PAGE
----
Consider: the three examples that the writers provide (lower cholesterol readings, made and kept follow-up appointments) are things that are almost entirely in the patients’ hands. In fact, much of medical care, especially of the preventive kind (which we will get to in a minute) is almost entirely the patients’ responsibility. Patients are already pretty motivated to increase their health. Paying theirdoctors more if they somehow bring about better health outcomes misses the mark.
One also has to wonder why–if they need more incentives–doctors, hospitals, and insurers don’t just raise the prices of procedures… What’s that you say? Obama and his followers want health care providers to charge less, but be paid more? Uh huh. Pardon the profanity, but these people are the dumbest fuckers who ever did live.
- Preventing. In today’s health-care market, less than one dollar in 25 goes for prevention, even though preventive services — regular screenings and healthy lifestyle information — are among the most cost-effective medical services around. Guaranteeing access to preventive services will improve health and in many cases save money.
What exactly is being promised here? “Guaranteeing access to preventive services.” I don’t know what that means and it’s not spelled out on Obama’s website or in any of his speeches about healthcare. But the writers thought it sounded good and so did Obama. Where did they get the one in twenty-five dollars figure? Here’s how it was phrased on Obama’s website: “less than 4 cents of every health care dollar is spent on prevention and public health.” Clever.
- Covering. Controlling long-run health-care costs requires removing the hidden expenses of the uninsured. The reforms described above will lower premiums by $2,500 for the typical family, allowing millions previously priced out of the market to afford insurance.
In addition, tax credits for those still unable to afford private coverage, and the option to buy in to the federal government’s benefits system, will ensure that all individuals have access to an affordable, portable alternative at a price they can afford.
Where does the $2,500 number for the “typical family” come from? The well-regarded statistics and health journal, The 2008 Democratic Party Platform (PDF).
We know these savings are attainable: other countries have them today. We spend 40% more than other countries such as Canada and Switzeraland on health care — nearly $1 trillion — but our health outcomes are no better.
Health outcomes may be “no better” than other Western nations (it’s an unsettled question given different ways of measuring national average lifespans and quality of life), but health procedures in the U.S. are far better than in other countries. We spend more on health care, not because we are forced to, but because we want to.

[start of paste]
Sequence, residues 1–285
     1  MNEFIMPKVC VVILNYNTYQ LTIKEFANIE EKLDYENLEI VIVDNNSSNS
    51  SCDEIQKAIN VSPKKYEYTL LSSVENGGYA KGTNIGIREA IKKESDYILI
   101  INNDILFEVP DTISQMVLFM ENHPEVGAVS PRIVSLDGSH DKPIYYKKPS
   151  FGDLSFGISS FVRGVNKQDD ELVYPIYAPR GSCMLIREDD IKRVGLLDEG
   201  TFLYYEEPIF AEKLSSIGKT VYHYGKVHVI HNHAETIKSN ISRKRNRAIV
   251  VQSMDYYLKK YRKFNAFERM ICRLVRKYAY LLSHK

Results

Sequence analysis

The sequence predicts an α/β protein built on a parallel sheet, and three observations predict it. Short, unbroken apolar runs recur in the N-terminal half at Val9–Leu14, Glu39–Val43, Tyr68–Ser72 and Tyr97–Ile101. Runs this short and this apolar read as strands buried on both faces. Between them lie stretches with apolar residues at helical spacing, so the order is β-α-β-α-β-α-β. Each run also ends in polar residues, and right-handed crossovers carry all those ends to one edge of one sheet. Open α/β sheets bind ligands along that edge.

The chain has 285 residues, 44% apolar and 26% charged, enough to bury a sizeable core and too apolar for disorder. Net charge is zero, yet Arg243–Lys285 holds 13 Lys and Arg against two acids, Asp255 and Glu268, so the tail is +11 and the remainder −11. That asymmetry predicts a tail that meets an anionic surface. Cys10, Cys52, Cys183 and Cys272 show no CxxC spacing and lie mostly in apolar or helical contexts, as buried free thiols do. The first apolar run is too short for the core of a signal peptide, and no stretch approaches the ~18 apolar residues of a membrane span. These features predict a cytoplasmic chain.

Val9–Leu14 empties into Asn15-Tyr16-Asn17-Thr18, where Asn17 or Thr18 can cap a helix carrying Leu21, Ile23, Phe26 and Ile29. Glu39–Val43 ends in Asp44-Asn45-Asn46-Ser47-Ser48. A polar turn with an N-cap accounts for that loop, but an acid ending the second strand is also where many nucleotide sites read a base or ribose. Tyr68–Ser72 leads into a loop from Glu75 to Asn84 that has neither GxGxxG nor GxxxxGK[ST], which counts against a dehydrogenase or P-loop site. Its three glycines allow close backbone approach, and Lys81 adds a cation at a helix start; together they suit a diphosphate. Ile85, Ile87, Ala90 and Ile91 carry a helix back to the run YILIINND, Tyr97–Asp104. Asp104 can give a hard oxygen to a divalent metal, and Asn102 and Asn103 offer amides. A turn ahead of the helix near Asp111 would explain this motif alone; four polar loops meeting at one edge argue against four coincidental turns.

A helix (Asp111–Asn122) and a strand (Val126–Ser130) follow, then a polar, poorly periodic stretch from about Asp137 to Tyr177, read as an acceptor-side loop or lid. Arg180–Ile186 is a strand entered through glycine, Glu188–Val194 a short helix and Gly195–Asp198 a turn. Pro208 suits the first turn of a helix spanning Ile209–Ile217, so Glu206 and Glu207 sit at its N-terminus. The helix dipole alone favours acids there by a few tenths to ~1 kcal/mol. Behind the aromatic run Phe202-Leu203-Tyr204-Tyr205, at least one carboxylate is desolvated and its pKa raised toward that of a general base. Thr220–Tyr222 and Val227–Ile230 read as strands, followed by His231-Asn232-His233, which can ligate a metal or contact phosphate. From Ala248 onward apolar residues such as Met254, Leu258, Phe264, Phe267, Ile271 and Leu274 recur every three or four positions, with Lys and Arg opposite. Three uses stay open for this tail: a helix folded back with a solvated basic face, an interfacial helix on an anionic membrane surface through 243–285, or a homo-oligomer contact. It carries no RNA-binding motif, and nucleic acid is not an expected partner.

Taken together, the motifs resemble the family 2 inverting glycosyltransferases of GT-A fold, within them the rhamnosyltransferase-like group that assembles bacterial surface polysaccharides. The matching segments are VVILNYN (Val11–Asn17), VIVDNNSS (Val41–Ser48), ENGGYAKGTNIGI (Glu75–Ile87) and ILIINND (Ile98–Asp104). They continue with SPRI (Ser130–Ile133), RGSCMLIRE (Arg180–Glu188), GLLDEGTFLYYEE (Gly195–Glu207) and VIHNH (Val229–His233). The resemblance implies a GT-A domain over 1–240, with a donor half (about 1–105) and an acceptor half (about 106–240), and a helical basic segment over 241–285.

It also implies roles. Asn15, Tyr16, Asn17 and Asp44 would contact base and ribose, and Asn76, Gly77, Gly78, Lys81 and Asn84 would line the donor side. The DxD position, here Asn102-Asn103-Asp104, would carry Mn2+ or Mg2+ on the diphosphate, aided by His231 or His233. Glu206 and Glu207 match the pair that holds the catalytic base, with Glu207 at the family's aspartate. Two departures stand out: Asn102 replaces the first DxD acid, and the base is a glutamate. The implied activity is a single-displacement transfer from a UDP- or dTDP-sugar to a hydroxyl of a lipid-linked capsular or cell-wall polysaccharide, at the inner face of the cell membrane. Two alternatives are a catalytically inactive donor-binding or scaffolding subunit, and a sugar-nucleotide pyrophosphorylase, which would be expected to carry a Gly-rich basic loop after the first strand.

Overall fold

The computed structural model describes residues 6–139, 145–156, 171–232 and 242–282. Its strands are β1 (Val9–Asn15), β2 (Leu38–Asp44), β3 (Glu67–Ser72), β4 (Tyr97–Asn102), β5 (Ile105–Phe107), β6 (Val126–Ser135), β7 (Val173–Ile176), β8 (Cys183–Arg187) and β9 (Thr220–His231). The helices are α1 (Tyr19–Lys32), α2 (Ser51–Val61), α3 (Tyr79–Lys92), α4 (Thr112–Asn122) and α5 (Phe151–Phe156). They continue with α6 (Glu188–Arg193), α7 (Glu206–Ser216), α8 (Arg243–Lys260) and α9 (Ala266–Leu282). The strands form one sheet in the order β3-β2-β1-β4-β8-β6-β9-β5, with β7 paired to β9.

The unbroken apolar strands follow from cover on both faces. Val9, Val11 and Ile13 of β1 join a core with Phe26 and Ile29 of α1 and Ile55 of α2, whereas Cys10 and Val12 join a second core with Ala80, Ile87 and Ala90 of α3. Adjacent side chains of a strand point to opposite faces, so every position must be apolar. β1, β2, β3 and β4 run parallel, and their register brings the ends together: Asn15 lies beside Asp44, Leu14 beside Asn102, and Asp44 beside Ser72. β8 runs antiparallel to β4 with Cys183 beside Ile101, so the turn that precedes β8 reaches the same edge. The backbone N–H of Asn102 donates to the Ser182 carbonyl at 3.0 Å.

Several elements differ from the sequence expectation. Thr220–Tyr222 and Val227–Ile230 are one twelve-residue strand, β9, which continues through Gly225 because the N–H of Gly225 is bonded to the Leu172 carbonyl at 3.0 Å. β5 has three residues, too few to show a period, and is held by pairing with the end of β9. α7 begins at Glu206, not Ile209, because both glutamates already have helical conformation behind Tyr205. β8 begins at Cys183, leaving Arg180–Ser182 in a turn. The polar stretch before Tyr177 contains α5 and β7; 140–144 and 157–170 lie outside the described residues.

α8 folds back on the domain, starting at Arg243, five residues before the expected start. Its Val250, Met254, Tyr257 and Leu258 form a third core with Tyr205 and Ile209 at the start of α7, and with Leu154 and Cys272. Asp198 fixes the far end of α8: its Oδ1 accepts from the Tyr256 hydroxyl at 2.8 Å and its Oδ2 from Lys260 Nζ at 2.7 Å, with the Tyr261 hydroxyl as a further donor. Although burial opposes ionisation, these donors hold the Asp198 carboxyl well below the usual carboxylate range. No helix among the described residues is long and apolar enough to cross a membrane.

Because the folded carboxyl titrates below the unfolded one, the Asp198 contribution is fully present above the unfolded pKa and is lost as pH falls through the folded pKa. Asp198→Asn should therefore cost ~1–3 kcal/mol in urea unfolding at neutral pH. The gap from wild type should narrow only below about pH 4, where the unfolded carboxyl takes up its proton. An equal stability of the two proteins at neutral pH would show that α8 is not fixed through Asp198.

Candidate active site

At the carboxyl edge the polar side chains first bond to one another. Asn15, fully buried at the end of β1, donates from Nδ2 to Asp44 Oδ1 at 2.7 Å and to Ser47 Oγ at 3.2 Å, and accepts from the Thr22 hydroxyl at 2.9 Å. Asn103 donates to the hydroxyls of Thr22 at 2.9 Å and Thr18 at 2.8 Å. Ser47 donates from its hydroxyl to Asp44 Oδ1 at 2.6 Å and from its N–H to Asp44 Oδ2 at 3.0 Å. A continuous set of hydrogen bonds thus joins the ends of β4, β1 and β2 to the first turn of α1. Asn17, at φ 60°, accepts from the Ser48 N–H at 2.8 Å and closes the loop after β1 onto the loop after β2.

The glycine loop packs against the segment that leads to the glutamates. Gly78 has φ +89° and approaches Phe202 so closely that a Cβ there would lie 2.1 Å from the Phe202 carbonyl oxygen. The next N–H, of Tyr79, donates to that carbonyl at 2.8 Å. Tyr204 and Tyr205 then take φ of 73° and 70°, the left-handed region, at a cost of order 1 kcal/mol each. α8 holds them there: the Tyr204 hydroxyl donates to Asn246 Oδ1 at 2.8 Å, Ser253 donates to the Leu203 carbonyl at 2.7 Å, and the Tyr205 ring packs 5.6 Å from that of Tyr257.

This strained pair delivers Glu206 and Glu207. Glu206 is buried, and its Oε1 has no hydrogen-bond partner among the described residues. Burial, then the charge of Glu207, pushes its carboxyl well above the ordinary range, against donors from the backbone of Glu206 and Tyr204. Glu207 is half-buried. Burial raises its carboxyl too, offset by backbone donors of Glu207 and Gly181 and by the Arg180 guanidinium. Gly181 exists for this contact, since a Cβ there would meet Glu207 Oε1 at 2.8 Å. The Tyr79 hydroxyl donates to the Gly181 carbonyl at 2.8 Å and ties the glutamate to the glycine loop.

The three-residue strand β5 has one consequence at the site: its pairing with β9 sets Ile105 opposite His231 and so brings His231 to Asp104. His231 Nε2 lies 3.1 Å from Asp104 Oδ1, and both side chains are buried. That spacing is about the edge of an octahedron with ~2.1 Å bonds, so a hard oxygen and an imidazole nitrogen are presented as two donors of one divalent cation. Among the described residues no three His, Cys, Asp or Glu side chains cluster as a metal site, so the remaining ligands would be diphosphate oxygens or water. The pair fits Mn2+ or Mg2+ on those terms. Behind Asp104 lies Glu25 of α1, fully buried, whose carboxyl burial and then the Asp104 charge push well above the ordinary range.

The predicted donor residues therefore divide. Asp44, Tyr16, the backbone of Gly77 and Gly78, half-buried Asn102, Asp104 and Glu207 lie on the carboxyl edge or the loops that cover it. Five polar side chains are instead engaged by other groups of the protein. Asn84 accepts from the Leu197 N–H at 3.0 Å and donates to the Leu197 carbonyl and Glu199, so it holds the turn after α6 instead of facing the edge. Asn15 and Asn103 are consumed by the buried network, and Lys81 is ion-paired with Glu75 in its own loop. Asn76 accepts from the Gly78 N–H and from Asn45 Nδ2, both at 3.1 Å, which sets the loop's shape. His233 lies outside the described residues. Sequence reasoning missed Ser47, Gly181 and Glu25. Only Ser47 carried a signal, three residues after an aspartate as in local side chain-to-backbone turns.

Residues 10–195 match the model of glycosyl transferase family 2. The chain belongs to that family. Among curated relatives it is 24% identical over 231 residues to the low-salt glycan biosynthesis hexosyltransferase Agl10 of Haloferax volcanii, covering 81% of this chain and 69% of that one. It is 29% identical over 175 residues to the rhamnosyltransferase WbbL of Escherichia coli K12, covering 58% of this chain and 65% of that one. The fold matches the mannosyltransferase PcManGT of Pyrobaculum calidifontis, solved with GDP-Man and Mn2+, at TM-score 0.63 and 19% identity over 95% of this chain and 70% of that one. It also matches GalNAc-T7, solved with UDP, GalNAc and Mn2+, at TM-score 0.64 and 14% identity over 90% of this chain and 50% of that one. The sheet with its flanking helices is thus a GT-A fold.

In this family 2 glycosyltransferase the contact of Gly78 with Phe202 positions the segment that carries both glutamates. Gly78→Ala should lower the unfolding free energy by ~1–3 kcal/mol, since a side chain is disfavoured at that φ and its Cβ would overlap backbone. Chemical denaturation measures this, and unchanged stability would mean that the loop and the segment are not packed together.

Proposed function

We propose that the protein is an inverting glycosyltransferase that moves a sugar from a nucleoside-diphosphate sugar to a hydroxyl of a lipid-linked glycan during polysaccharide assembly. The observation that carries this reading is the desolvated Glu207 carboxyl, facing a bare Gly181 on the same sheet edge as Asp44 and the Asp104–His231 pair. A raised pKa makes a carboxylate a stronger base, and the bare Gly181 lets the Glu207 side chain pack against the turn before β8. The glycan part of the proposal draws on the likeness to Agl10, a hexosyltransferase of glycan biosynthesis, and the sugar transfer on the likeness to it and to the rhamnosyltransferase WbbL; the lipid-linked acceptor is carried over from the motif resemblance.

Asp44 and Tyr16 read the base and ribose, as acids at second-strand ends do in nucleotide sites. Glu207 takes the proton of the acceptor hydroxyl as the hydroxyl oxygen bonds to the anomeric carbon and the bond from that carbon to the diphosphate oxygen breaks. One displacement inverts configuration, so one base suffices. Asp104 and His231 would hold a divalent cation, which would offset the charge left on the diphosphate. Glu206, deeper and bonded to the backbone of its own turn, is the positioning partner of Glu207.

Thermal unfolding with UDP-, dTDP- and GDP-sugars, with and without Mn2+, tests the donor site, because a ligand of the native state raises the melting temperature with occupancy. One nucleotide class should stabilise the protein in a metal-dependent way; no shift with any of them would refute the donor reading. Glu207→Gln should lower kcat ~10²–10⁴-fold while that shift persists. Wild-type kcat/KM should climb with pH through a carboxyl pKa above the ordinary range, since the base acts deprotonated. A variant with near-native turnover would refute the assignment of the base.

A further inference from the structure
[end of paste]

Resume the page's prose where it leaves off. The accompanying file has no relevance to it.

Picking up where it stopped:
Many diagnostic procedures are very expensive and yet screen for very low probability risks. In other words, they are not always cost effective. But the peace of mind represented by an MRI, CT scan, or a colonoscopy make these procedures worthwhile for many patients. Most patients therefore expect and demand these procedures. Similarly, American medicine uses specialists like no other country in the world. This has also led to increased costs. It’s a trade-off. Do you want to forgo consultation with an oncologist, or an ENT physician, or any of the other -ists? Hey, it’s your life, pal.
Skipping a little, there’s one last thing:
The immediate consequences of the McCain plan are even worse. The McCain plan is a big tax increase on employers and workers. With the economy in recession, that’s the last thing America’s businesses need.
First, two economics professors and a law professor should know that we aren’t in a recession at least according to the actual definition of recession. Democrats are very interested in claiming our country is in a nosedive, facts be damned. It’s shameful when the recession canard is repeated by Democratic politicians. But it’s simply nefarious when it’s coming out of the mouths of supposed-economists (not to mention embarrassing for their respective academic institutions).
Also, a bit of unsolicited advice for the writers: you really don’t want to open this door. Obama vs. McCain on proposed tax increases for businesses is not a game that you can win as Fred Thompson most amusingly illustrated at the Republican convention. No one is falling for it.
More: Arnold Kling, economist extraodinaire and health policy expert catches DeLong in a flip-flop:
The authors’ main point is that the Obama health policy is better than McCain’s. They write,
Sen. McCain, who constantly repeats his no-new-taxes promise on the campaign trail, proposes a big tax hike as the solution to our health-care crisis. His plan would raise taxes on workers who receive health benefits, with the idea of encouraging their employers to drop coverage.
They are referring to a proposal to end the tax deduction for employer-provided health benefits and replace it with an individual deduction. At least one of the authors was for this idea before he was against it. In his often-cited utopian health care plan, DeLong wrote,
No deduction for employer-paid health expenses.
Perhaps DeLong’s cowriters insisted on the change. More likely, DeLong simply goes with whatever his latest Messiah wants.